Divinings, Wonder-Working Providence

A Note to My Readers:   I suppose we all find a piece of ourselves in some ancestors as we discover a talent or a life experience or a physical feature that we share in common.  It is particularly easy when we are working on parents or great grandparents as time and distance haven’t diminished the gene pool or the propensity to prefer apple pie to chocolate cake.    However, when you go back as many as seven or eight generations and you find a musician or a poet or a soldier or come across a beautiful sampler or a portrait of an ancestor that gives you that instant sense of connection, that discovery will make any genealogist’s heart leap.   It is kind of a spiritual DNA affirmation.  Transcendent, but oddly very real.


Born in Hernhill, Kent, England, Edward Johnson (my paternal 8th great grandfather) was part of the earliest migration to New England sailing with the Winthrop Fleet in 1630 and settling in the Massachusetts Bay Colony.  Totaling seventeen ships carrying Puritans who left England after being disaffected with the Church of England, they elected John Winthrop as Governor of the Fleet and the Colony.  (Winthrop Society).   Edward reported in his 1654 publication “Wonder-Working Providence of Sions Saviour in New England”  that

the expense of transporting ‘the Swine, Goates, Sheepe, Neate (cattle) and Horse’ that accompanied the initial wave of colonists to be ‘twelve thousand pound beside the price they cost’ to purchase.

Captain Edward Johnson Historical Plaque Woburn MAGathering information on this group called the Winthrop Fleet and in particular my Johnson family members, I found  that Edward was of landed gentry and in his will he left an estate in England and that he was reportedly a jack of all trades – an early explorer and surveyor, a clever businessman, a farmer, a soldier ‘during the Indian wars’ better known as the Pequot War, an explorer of sorts, a Puritan stalwart and a man of considerable influence in the colony at large, holding a number of offices primarily in Woburn.   In  1665, the Captain was appointed by the General Court to make a map of the Colony along with William Stevens.   He was also Governor Winthrop’s man.

When Governor Winthrop and Massachusetts Bay Colony and the controversial preacher Samuel Gorton were in deep dispute over Gorton’s preaching and defiance of authority,   Gorton and his followers were banished and migrated to Rhode Island where Gorton became embroiled in further political troubles.  Landing in Pawtuxet in 1642 and once more finding trouble, he migrated to Shawomet (now Warwick, Rhode Island) which was under the jurisdiction of Massachusetts Bay Colony.  When Winthrop summoned Gorton to answer charges they had swindled two sachems, Gorton replied with “whole paper of beastly stuff”,  Winthrop sent Edward Johnson in 1643 to capture Gorton and bring him and two followers to court to answer for his blasphemy.

With their homes burned to the ground and their cattle slaughtered or stolen for profit by Bay Colonists in arms, Captain Edward Johnson chained Gorton and eight of his followers for the march to Boston and a capital trial before the magistry.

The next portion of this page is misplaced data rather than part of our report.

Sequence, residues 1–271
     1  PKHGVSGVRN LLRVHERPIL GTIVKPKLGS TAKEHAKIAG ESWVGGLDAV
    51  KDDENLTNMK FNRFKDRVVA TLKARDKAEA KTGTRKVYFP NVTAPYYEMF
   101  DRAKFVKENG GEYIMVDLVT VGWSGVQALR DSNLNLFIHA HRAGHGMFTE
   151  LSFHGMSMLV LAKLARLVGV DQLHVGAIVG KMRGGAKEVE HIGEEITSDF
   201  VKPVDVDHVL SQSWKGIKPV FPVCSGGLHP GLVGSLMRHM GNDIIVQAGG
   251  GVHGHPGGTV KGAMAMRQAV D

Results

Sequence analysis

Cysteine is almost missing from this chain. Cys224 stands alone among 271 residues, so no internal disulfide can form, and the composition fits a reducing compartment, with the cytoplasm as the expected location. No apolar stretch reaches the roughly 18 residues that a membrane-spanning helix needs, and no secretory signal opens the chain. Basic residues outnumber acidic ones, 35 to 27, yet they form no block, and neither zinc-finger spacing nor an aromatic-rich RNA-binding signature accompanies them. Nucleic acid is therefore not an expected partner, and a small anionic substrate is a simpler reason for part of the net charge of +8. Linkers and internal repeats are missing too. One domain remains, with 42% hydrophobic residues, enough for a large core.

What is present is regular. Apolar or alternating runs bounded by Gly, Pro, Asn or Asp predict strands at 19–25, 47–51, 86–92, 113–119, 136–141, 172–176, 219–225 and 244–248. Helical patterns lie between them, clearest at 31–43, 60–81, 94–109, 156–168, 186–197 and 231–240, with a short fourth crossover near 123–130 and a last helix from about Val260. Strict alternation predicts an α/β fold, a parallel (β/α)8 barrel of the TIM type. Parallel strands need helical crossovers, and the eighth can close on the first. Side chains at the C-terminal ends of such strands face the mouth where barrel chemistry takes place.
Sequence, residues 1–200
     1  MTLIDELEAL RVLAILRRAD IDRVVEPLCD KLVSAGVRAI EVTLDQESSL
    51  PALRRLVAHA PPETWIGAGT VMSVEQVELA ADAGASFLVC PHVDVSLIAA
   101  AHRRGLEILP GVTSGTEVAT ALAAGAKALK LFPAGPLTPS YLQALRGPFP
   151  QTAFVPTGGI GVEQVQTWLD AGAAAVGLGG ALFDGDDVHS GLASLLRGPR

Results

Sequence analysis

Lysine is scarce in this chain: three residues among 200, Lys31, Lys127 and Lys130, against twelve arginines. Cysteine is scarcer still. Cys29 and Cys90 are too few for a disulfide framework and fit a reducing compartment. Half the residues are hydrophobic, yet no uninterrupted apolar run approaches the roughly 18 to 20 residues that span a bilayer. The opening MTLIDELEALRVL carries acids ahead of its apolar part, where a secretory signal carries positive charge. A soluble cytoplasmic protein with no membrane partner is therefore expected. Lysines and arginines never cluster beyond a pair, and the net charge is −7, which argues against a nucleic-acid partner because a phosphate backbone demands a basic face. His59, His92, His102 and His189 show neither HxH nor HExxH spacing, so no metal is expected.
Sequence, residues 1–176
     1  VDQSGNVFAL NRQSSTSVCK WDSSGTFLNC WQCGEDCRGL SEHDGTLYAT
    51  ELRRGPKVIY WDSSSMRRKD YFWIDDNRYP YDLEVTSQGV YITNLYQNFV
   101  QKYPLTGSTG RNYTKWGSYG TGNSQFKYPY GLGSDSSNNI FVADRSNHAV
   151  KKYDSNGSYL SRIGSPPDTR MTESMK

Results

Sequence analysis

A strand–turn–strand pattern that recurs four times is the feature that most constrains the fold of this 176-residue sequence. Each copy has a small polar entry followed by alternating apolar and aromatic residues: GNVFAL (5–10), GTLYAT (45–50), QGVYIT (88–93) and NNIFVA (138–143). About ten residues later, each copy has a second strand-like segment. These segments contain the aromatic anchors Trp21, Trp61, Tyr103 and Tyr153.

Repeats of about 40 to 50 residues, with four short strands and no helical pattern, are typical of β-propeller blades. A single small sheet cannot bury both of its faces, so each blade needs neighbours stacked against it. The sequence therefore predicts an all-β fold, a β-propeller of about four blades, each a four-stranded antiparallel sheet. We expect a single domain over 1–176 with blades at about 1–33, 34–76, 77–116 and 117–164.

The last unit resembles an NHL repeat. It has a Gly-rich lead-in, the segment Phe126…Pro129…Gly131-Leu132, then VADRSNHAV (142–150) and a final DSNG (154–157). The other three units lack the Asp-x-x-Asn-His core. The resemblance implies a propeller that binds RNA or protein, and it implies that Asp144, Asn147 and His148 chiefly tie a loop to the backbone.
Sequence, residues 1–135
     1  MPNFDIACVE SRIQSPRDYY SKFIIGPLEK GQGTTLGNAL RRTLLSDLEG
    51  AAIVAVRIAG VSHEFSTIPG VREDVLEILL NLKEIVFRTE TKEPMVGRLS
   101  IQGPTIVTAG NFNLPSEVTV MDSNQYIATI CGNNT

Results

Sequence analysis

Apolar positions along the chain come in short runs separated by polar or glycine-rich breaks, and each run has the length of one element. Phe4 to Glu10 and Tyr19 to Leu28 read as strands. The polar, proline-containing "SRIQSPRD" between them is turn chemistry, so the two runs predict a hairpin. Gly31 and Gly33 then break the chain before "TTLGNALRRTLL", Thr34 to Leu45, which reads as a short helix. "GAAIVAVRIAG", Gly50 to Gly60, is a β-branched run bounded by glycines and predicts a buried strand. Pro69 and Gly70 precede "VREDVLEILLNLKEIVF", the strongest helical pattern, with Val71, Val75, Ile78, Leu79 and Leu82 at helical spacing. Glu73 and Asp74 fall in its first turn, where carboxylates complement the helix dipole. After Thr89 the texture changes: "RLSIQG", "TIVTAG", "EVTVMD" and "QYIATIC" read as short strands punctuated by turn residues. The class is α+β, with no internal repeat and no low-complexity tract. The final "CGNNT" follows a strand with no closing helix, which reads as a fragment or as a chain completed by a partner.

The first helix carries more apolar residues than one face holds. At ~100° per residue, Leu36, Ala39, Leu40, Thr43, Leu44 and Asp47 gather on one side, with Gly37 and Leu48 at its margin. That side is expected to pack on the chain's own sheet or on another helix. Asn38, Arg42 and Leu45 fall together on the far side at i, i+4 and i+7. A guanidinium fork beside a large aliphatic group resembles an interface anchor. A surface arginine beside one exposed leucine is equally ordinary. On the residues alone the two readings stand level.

(Fire under the Ashes: An Atlantic History of the English Revolution. John Donoghue.  2013)

According to several sources, Edward Johnson had traveled without his wife and children for the first voyage, establishing himself as a freeman on May 18, 1631 and bringing his wife, Susan, and their seven children and three servants to Massachusetts in 1637.   During those years Edward resided in Charlestown in what was to later become Woburn in 1642 and was involved in much of the early efforts of settling in the New World and acquainting himself with his ‘new neighbors’, the native Americans of the area.  In 1643 Edward published “New Englands First Fruits” (London:printed by R.O. and G.O. for Henry Overton) “in the first half of which he gives a vivid account of the virtual unattainability of the ultimate Christian experience professed by, and self-confidently embodied in, the immigrating well-accoutered new neighbors and recorded and a bit uneasily handled as a topic by Johnson.” (Divinings: Religion at Harvard: From its Origins in New England Ecclesiastical History to the 175th Anniversary of the Harvard Divinity School. 1636-1992.  Vandenhoeck & Ruprecht. Page 26.)

Among many other things, the Captain was a writer and historian and is credited with being the first general historian of New England.    His most noted work is “Wonder-working Providence of Sion’s Saviour in New England”, the first printed history of New England.  The lengthy and much studied publication is written with first hand knowledge and is filled with Puritan zeal characterizing the wilderness as the place where the colonists would “re-build the most glorious Edifice of Mount Sion.”

His prose is complicated and stylized and with a definite Puritan perspective on his world, but as the Captain’s eighth great granddaughter who fancies herself a historian and writer with some perspective of my own,  I suppose we share that love of words and sharing our stories with others.  Our spiritual DNA perhaps.

Deborah Martin-Plugh

Author, Historian and Genealogical Researcher

(c) Copyright 2014.  All Rights Reserved






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